3 added 96 characters in body
source | link

If we look at Wikipedia, these seem to be relevant parts here:

Plagiarism is considered academic dishonesty and a breach of journalistic ethics.

For political speeches of the kind we're discussing, there are near zero expectations regarding academic correctness, or journalistic integrity (not to mention honesty and ethics, which are also part of the quoted sentence).

Any standards are valid only in their respective context. Academic plagiarism and journalistic plagiarism have vastly different standards and consequences. As far as I am aware, there is no standard for plagiarism in the context of political speeches.

and

Plagiarism is not in itself a crime, but can constitute copyright infringement

Copyright (usually) allows derivative works, which seems to be what we're dealing with here.


In other words: You can't plagiarize a political speech.

If we look at Wikipedia, these seem to be relevant parts here:

Plagiarism is considered academic dishonesty and a breach of journalistic ethics.

For political speeches of the kind we're discussing, there are near zero expectations regarding academic correctness, or journalistic integrity (not to mention honesty and ethics, which are also part of the quoted sentence).

Any standards are valid only in their respective context. Academic plagiarism and journalistic plagiarism have vastly different standards and consequences.

and

Plagiarism is not in itself a crime, but can constitute copyright infringement

Copyright (usually) allows derivative works, which seems to be what we're dealing with here.


In other words: You can't plagiarize a political speech.

If we look at Wikipedia, these seem to be relevant parts here:

Plagiarism is considered academic dishonesty and a breach of journalistic ethics.

For political speeches of the kind we're discussing, there are near zero expectations regarding academic correctness, or journalistic integrity (not to mention honesty and ethics, which are also part of the quoted sentence).

Any standards are valid only in their respective context. Academic plagiarism and journalistic plagiarism have vastly different standards and consequences. As far as I am aware, there is no standard for plagiarism in the context of political speeches.

and

Plagiarism is not in itself a crime, but can constitute copyright infringement

Copyright (usually) allows derivative works, which seems to be what we're dealing with here.


In other words: You can't plagiarize a political speech.

2 added 159 characters in body
source | link

If we look at Wikipedia, these seem to be relevant parts here:

Plagiarism is considered academic dishonesty and a breach of journalistic ethics.

For political speeches of the kind we're discussing, there are near zero expectations regarding academic correctness, or journalistic integrity (not to mention honesty and ethics, which are also part of the quoted sentence).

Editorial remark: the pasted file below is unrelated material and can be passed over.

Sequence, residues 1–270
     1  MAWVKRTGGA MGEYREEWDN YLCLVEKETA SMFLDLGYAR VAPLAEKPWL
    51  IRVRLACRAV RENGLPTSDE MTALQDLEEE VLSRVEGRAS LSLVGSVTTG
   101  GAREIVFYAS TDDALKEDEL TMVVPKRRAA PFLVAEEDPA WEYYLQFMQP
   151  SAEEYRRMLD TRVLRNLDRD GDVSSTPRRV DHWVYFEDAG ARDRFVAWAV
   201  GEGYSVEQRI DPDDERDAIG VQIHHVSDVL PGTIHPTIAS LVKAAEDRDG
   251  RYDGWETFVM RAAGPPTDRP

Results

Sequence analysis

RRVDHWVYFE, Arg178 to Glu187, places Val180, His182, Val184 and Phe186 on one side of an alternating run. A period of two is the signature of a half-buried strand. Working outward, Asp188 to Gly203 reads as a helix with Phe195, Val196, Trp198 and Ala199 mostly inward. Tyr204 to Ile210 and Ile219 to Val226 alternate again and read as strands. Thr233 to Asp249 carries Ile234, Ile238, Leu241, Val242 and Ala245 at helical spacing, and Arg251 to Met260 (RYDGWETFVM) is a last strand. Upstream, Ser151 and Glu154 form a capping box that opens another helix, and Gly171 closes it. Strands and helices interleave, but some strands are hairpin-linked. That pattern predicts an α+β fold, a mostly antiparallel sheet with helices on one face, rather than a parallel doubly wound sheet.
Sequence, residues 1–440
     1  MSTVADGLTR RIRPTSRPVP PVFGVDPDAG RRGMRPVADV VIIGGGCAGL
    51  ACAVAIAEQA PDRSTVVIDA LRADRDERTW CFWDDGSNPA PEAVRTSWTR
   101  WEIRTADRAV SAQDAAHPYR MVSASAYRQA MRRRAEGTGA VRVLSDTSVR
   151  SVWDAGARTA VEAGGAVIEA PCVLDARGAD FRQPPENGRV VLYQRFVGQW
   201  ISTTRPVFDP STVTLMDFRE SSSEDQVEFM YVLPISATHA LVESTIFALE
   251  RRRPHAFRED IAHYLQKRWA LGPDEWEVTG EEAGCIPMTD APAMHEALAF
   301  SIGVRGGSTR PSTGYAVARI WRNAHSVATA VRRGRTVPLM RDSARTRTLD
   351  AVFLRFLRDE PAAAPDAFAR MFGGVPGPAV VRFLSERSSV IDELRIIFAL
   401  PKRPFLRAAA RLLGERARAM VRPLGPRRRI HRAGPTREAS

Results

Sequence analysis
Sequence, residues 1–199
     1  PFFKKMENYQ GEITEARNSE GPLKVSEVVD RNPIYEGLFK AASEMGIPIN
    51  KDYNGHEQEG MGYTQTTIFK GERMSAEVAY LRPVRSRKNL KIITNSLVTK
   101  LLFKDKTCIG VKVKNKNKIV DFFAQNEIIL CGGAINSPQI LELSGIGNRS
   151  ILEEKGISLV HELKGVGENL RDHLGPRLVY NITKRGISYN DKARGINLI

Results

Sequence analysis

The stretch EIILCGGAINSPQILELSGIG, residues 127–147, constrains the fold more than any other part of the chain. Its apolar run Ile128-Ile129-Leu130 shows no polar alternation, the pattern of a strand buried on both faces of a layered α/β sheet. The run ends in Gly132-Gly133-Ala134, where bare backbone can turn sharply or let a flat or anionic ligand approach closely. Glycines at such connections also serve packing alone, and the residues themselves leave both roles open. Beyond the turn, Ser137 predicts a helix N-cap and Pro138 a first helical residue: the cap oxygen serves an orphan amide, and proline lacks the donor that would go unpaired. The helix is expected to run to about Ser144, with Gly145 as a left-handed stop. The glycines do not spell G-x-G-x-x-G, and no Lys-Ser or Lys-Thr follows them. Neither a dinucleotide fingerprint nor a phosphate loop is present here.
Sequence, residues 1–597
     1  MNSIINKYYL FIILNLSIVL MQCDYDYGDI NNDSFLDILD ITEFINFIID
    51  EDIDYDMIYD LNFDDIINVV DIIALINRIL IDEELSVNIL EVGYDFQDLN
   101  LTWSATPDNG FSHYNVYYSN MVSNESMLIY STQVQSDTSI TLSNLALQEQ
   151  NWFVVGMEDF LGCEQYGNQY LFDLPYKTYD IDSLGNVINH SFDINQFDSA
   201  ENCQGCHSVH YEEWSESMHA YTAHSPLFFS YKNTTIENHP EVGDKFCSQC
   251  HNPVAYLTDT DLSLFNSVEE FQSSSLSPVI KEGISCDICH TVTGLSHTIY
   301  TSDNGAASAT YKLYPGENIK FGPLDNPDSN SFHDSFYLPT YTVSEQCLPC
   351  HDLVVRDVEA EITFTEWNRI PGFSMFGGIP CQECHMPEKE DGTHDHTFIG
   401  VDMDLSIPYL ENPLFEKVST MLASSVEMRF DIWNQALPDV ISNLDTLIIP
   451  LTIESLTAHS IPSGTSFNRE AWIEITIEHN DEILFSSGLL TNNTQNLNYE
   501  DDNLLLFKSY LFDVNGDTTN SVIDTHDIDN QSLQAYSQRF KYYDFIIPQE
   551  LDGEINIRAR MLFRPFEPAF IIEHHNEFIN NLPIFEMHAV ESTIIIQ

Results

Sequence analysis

Any standards are valid only in their respective context. Academic plagiarism and journalistic plagiarism have vastly different standards and consequences.

and

Plagiarism is not in itself a crime, but can constitute copyright infringement

Copyright (usually) allows derivative works, which seems to be what we're dealing with here.


In other words: You can't plagiarize a political speech.

If we look at Wikipedia, these seem to be relevant parts here:

Plagiarism is considered academic dishonesty and a breach of journalistic ethics.

For political speeches of the kind we're discussing, there are near zero expectations regarding academic correctness, or journalistic integrity (not to mention honesty and ethics, which are also part of the quoted sentence).

and

Plagiarism is not in itself a crime, but can constitute copyright infringement

Copyright (usually) allows derivative works, which seems to be what we're dealing with here.


In other words: You can't plagiarize a political speech.

If we look at Wikipedia, these seem to be relevant parts here:

Plagiarism is considered academic dishonesty and a breach of journalistic ethics.

For political speeches of the kind we're discussing, there are near zero expectations regarding academic correctness, or journalistic integrity (not to mention honesty and ethics, which are also part of the quoted sentence).

Any standards are valid only in their respective context. Academic plagiarism and journalistic plagiarism have vastly different standards and consequences.

and

Plagiarism is not in itself a crime, but can constitute copyright infringement

Copyright (usually) allows derivative works, which seems to be what we're dealing with here.


In other words: You can't plagiarize a political speech.

1
source | link

If we look at Wikipedia, these seem to be relevant parts here:

Plagiarism is considered academic dishonesty and a breach of journalistic ethics.

For political speeches of the kind we're discussing, there are near zero expectations regarding academic correctness, or journalistic integrity (not to mention honesty and ethics, which are also part of the quoted sentence).

and

Plagiarism is not in itself a crime, but can constitute copyright infringement

Copyright (usually) allows derivative works, which seems to be what we're dealing with here.


In other words: You can't plagiarize a political speech.